MasterCard's Web site was still unavailable as of mid-morning after having been offline for several hours. Several hacker groups that have expressed support for WikiLeaks claimed credit for the attacks, including Anonymous and a group that calls itself Operation: Payback.
WikiLeaks allies said they attacked MasterCard in retribution for the company's decision to block WikiLeaks from its payments network, a move that made it more difficult for the rogue Web site to collect donations from supporters.
"The reason is amazingly simple," said Anonymous member Gregg Housh. "We all believe information should be free, and the Internet should be free," said Housh, in an interview with The New York Times published Monday.
WikiLeaks has also been cut off by PayPal, and Amazon booted it from its Web hosting servers for violating its Terms of Service agreement.
Meanwhile, Assange is in jail in London fighting an extradition request by Swedish authorities who have charged him with rape and other sex crimes. Assange has denied the charges, which relate to complaints filed by two Swedish women.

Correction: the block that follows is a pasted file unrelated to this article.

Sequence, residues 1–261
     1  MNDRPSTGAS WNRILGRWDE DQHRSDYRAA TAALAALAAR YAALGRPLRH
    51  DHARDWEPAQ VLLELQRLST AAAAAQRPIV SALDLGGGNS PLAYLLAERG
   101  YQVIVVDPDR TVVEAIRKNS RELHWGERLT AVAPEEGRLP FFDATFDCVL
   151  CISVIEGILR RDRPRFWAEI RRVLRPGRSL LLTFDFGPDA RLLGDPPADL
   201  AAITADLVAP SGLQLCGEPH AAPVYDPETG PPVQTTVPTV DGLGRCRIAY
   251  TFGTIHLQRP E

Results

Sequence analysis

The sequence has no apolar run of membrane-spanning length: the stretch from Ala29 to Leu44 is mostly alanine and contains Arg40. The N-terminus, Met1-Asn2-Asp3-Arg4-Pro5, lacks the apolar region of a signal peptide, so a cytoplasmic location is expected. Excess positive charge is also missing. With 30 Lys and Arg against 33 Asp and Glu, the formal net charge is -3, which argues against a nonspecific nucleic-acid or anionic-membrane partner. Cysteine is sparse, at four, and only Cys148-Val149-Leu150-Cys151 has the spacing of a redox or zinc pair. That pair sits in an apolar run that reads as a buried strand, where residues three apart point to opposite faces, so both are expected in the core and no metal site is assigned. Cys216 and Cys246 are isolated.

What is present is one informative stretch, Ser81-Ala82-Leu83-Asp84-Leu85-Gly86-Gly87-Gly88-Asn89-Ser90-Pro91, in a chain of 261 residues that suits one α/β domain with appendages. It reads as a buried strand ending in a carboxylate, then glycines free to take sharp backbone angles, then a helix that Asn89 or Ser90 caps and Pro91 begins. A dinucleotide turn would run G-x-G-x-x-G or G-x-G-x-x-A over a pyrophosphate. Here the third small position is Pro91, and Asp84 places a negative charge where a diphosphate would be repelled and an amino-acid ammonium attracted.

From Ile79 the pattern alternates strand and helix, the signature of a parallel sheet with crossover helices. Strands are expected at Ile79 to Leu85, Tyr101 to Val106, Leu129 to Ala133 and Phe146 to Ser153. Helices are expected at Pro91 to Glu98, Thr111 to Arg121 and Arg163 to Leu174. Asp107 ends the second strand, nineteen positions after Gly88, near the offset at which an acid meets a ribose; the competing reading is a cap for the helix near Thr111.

U.S. authorities are also said to be mulling espionage and other charges against Assange who, through WikiLeaks, provided several major newspapers—including the Times, The Guardian, Le Monde, and Der Spiegel—with excerpts from classified diplomatic documents.
The leaked documents revealed serious concerns within the U.S. diplomatic community about the resolve and trustworthiness of several key allies, including Afghanistan and Pakistan, in the war on terror.
They also disclosed Saudi Arabia's wish for a U.S. military strike against Iran, and painted unflattering pictures of Western leaders like German Chancellor Angela Merkel and Italian Prime Minister Silvio Berlusconi.
The documents also raise questions about whether British authorities released a prisoner jailed in connection with the Pan Am 103 bombing over Lockerbie to preserve oil deals with Libya.